Investigative series uncovers questionable practices involving Arizona’s prison workforce

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A new investigative series put together by both the Arizona Republic and KJZZ has uncovered questionable practices that involve the use of Arizona’s prisons workforce. The series focuses on an poor treatment of prisoners and how much money the state and others are making off prison-laborers. Joining us on Arizona Horizon is Joseph Darius Jaafari.

Joseph Darius Jaafari Background

According to Jaafari’s LinkedIn profile, he is an investigative reporter digging into documents and data around incarceration and police. His work can be seen in New York Times, Rolling Stone, Gothamist, The Atlantic, VICE, New York Post and other international publications.

What got this projected started?

Jaafari and his team originally wanted to set out to cover private prison contracts and look further into the situation. This type of project was supposed to be a small project but it ended up being much longer than expected.

“We had originally just wanted to do a small project about ubiquity of private prisons contracts because we have known that a small number of private businesses were using prisoners. We just wanted to dig a bit deeper” said Jaafari. He continued, “What started out as a small project, we started scratching at the surface and it turned out to be a 15 month project because it turns out that it’s quite vast across the state as far as how many private companies use prisoners.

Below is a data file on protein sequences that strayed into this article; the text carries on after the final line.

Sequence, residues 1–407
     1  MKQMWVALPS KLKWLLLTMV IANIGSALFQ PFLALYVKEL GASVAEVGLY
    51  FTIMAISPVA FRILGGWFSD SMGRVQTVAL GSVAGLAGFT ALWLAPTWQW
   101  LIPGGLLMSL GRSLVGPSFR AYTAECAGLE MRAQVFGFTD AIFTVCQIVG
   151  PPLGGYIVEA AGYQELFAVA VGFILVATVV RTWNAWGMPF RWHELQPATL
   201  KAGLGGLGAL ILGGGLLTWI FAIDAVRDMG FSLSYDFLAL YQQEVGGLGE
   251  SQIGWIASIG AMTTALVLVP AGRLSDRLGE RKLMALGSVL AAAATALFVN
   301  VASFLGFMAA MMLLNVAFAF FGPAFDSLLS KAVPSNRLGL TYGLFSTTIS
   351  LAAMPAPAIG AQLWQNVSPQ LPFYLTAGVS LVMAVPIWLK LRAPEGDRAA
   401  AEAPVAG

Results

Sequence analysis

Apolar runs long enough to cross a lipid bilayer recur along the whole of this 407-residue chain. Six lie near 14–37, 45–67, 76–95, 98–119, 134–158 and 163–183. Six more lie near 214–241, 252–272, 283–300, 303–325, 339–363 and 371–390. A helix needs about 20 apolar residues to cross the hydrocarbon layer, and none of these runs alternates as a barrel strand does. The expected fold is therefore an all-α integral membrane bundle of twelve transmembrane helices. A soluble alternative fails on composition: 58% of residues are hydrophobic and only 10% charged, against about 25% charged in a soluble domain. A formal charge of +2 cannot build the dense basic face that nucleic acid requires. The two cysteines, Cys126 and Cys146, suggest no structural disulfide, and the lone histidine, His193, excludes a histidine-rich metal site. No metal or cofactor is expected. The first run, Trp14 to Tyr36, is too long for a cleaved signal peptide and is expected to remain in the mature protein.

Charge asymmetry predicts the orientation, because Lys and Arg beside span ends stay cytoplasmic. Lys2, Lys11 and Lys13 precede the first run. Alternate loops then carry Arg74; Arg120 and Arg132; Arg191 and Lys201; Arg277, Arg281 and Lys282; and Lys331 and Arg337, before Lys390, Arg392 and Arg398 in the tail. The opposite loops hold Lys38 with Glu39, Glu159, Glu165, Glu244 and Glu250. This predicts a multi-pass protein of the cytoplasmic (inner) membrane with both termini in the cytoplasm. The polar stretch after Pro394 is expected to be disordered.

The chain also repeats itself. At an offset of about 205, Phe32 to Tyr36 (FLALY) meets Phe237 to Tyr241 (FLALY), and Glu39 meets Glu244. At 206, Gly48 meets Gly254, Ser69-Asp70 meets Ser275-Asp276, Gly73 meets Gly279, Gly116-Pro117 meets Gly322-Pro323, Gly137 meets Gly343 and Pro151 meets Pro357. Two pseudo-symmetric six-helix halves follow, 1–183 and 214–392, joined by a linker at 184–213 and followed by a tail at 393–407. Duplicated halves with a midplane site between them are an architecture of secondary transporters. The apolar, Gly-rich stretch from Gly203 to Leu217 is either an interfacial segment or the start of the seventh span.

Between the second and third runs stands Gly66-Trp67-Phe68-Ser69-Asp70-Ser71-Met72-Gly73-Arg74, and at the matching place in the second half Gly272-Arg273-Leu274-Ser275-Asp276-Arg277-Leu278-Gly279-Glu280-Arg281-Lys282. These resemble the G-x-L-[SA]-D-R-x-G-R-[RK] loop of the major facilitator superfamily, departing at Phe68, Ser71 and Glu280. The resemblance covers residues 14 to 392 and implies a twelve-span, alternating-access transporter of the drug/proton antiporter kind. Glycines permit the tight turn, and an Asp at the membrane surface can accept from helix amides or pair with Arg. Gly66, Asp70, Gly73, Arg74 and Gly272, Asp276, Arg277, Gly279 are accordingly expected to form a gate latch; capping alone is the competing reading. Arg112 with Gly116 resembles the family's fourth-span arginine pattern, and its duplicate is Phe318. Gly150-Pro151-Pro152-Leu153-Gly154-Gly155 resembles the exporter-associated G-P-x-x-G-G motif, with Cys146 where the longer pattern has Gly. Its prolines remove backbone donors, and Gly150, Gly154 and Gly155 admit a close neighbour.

How much do prisoners make?

A state law was put into place that requires prisoners to work unless an individual was except due to medical reasons. There are three tiers of work that prisoners will get placed into for type of work they will conduct. “There was a select number that we focused on that was 2,000 prisoners who get paid anywhere from $4.25 an hour, up to above anywhere near the states minimum wage” Jaafari mentioned.

That may seem like a fair shake just by looking their compensation, but actually there’s a lot of deductions that you don’t see in their payment.

“On its face that sounds great right? People are getting paid the states minimum wage, but what happens is the fact that all these deductions get taken out of their pay. What we see is that, the number of prisoners; majority of prisoners actually only end up making ¢50 per hour while these companies are profiteering off of that money” Jaafari explained.

Joseph Darius Jaafari

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